President Obama’s restrained handling of the Ukraine/Crimea crisis is just about right, for now.  Putin has legitimate grievances, but they don’t justify his illegal seizure of the Crimea.   Some kind of reaction from the West was necessary, even though there is little of a forceful nature that can be done.  But pragmatic considerations aside, US restraint is appropriate because this country bears a large historic responsibility for creating the raging sense of grievance that is driving Putin.

The roots of Putin’s rage go back to the beginning of the end of the Cold War.   They have been aptly summarized by Ronald Reagan’s last ambassador to the Soviet Union, Jack Matlock: “The US has treated Russia like a loser since the end of the Cold War.”

Let’s start with the expansion of NATO.  NATO of course, was founded as a bulwark against the presumed threat posed by the communist Soviet Union to Western Europe.  With the dissolution of the USSR and the end of communism, NATO might have been thought to have lost its raison d’etre. A dissolution of NATO following the collapse of the Soviets’ Warsaw Pact, both to be replaced by a new set of security arrangements encompassing East and West Europe, would have been a natural course of events.  But NATO had also been the principal instrument by which the United States exerted its leadership role in European affairs.   US policymakers had no interest in relinquishing that role, which, indeed, in the 90’s was being challenged by various rumblings of increased cohesion and self-assertiveness by our West European allies.  So, the US pushed for the expansion of NATO eastward, giving new life to the alliance but also extending American power into Russia’s back yard.   In 1999, Poland, Hungary and the Czech Republic became NATO members.  By 2009, all of the former Soviet Union’s east European satellites had become incorporated into NATO, along with the three Baltic ex-Soviet Republics.   The dream of czars and Joseph Stalin’s actual great foreign policy achievement—the construction of a security belt to Russia’s west, behind the iron curtain—had been reversed.

The Russians were naturally pissed: the Bush administration had pledged to Mikhail Gorbachev that the reunification of Germany would not be followed by any eastward expansion of NATO—after all, who but the Russians could NATO be aimed against?  (The majority of US foreign policy intellectuals had also initially opposed NATO expansion, correctly expecting that it would needlessly antagonize Russia.)  But that was just a verbal pledge, nothing subsequent US presidents were going to take seriously.  To make matters worse, the Americans were adamant at restricting Russia to the sidelines in attempts to resolve the Balkan wars of the 90s involving Russia’s historic client, Serbia.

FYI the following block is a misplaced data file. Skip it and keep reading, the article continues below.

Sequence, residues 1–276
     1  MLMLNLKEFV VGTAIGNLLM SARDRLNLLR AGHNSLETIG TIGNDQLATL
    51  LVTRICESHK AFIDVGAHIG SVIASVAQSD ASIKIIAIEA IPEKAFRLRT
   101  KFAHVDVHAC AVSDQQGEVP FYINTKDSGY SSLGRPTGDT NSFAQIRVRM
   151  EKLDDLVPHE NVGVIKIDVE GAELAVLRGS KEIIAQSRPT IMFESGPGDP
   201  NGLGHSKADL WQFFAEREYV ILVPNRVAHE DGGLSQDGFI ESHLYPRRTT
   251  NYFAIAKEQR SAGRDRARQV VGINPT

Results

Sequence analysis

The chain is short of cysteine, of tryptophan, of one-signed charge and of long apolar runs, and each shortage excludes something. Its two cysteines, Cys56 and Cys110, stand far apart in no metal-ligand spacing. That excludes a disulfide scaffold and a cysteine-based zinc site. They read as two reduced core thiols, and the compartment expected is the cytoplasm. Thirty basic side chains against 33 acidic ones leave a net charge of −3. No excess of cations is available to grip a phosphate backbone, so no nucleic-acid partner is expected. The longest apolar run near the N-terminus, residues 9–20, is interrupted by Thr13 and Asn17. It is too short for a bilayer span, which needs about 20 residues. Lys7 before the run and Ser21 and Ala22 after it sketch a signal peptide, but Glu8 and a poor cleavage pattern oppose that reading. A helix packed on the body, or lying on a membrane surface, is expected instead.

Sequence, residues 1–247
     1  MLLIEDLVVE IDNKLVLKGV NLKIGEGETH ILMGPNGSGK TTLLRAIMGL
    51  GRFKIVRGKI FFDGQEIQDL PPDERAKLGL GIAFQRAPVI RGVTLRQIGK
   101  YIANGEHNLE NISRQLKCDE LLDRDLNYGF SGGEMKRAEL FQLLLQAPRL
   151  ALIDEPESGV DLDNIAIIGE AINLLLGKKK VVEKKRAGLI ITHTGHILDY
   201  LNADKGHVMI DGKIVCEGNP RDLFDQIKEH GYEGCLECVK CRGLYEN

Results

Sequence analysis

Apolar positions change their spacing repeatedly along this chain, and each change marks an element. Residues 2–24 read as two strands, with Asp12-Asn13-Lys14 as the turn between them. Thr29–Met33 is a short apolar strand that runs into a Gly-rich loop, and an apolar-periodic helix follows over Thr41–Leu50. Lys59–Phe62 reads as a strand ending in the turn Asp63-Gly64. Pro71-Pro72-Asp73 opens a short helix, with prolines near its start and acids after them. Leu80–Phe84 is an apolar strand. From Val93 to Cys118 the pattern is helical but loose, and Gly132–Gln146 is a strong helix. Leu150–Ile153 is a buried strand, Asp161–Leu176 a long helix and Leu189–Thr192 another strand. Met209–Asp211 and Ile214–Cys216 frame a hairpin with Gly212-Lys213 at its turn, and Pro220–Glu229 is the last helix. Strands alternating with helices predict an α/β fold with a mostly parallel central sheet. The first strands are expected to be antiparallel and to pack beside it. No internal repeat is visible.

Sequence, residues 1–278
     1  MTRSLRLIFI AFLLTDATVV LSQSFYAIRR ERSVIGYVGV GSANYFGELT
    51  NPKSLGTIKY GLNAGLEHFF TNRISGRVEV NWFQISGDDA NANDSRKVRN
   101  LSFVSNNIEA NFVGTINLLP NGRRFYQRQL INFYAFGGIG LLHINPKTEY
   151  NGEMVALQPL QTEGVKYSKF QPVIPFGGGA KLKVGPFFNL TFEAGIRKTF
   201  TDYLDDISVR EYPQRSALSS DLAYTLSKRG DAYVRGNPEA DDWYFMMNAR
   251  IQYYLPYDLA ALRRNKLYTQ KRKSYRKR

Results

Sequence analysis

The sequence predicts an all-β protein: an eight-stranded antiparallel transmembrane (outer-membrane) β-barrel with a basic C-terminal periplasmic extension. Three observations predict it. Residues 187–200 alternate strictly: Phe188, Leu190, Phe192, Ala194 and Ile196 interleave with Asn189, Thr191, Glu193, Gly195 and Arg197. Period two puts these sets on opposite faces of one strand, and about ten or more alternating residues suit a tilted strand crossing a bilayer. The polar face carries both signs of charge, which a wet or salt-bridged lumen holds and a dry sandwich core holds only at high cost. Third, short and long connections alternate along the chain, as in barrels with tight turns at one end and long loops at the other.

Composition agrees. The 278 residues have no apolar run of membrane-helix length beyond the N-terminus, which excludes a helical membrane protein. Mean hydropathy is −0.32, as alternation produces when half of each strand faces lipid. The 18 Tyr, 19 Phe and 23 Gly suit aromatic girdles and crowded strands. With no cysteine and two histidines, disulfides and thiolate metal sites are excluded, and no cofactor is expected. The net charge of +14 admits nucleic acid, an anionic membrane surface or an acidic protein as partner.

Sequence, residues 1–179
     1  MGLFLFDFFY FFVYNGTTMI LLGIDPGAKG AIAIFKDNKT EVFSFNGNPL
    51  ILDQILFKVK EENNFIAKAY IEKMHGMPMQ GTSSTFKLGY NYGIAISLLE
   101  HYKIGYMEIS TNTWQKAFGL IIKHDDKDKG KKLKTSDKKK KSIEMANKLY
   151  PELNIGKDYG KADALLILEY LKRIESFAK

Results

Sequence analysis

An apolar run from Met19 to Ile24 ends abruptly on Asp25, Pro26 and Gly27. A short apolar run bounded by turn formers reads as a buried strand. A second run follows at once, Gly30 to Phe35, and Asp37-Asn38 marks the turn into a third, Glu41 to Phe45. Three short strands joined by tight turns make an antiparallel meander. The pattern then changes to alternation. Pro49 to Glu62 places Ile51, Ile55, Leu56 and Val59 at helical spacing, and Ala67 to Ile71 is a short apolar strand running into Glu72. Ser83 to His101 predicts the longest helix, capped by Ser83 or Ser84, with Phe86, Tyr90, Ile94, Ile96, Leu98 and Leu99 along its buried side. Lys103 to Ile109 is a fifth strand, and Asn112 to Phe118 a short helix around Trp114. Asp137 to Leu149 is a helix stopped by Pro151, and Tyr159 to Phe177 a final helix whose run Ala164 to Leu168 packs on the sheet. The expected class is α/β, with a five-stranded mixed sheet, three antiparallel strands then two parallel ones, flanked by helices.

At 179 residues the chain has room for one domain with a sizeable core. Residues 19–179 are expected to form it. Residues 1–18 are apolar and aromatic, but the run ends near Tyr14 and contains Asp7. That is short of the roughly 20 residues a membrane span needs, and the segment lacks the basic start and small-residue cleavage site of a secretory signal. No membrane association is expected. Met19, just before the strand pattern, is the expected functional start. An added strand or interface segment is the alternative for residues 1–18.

And, to make matters worse still, the United States pursued missile defense systems in Eastern Europe.  Despite modifications by President Obama, plans are set for anti-missile systems to go forward in Poland and Romania.  Missile defense of course doesn’t really work, so the prime function of those installations is to more closely bind those countries into America’s international sphere of influence.  (American policymakers are nevertheless capable of claiming with a straight face that the anti-missile missiles are poised to protect Western Europe from the Iranian threat.)  From the Russian point of view, they are basically a thumb in the eye—a reminder that American power extends to the very borders of Russia, and the Russians just have to like it.

I won’t even go into the history of US meddling in Russian domestic policy in the 1990s, which contributed to the collapse of the Russian economy while creating a new class of economic oligarchs.   No hard feelings there.

The final straw was US and Western encouragement of the developments that precipitated what amounted to an anti-Russian coup in Kiev.  (See the Dimitri Simes interview cited in my post of  3/12.)

So, if Obama’s respose for now is reasonable, what should he aim at moving forward?   Ideally, he should encourage a new dispensation in Europe that at least implicitly acknowledges Russia’s grievances.  Here is one set of ideas:

…We should acknowledge our broken promise to Gorbachev that we wouldn’t expand NATO if Russia didn’t object to a reunified Germany’s entry into NATO when the wall came down, and promise not to invite the Ukraine or Georgia to become members of our old Cold War military alliance.

We should be disbanding NATO and working for reform of the UN system so that it can fulfill its peacekeeping mission without archaic reliance on regional military competitive alliances.   Further, we should remove our missiles from Poland, Romania and Turkey and negotiate the space weapons ban which China and Russia repeatedly proposed, and which only the US blocked for several years in the UN’s committee on Disarmament in Geneva which requires consensus.

We should also reinstate the 1972 Anti-Ballistic Missile Treaty [with the Soviet Union/Russia–TG] which Bush walked out of in 2001 and take up Russia’s offer to negotiate a treaty to ban cyberwarfare, which it proposed after the US boasted about its virus attack on Iran’s enrichment facilities and which the US rejected out of hand.

Of course, none of this is likely to happen, partly because the inertia of established policy and the realities of US domestic politics pose huge obstacles.   But partly, too, because the encirclement of a weak and potentially harmless Russia has created a self-fulfilling prophecy—an aggressive Russia that inevitably does make its neighbors fearful.  Still, the above proposals represent an ideal against which actual policy should be assessed.  A fair and realistic American policy toward Russia and Europe requires an honest recognition of our own role in creating the current mess.



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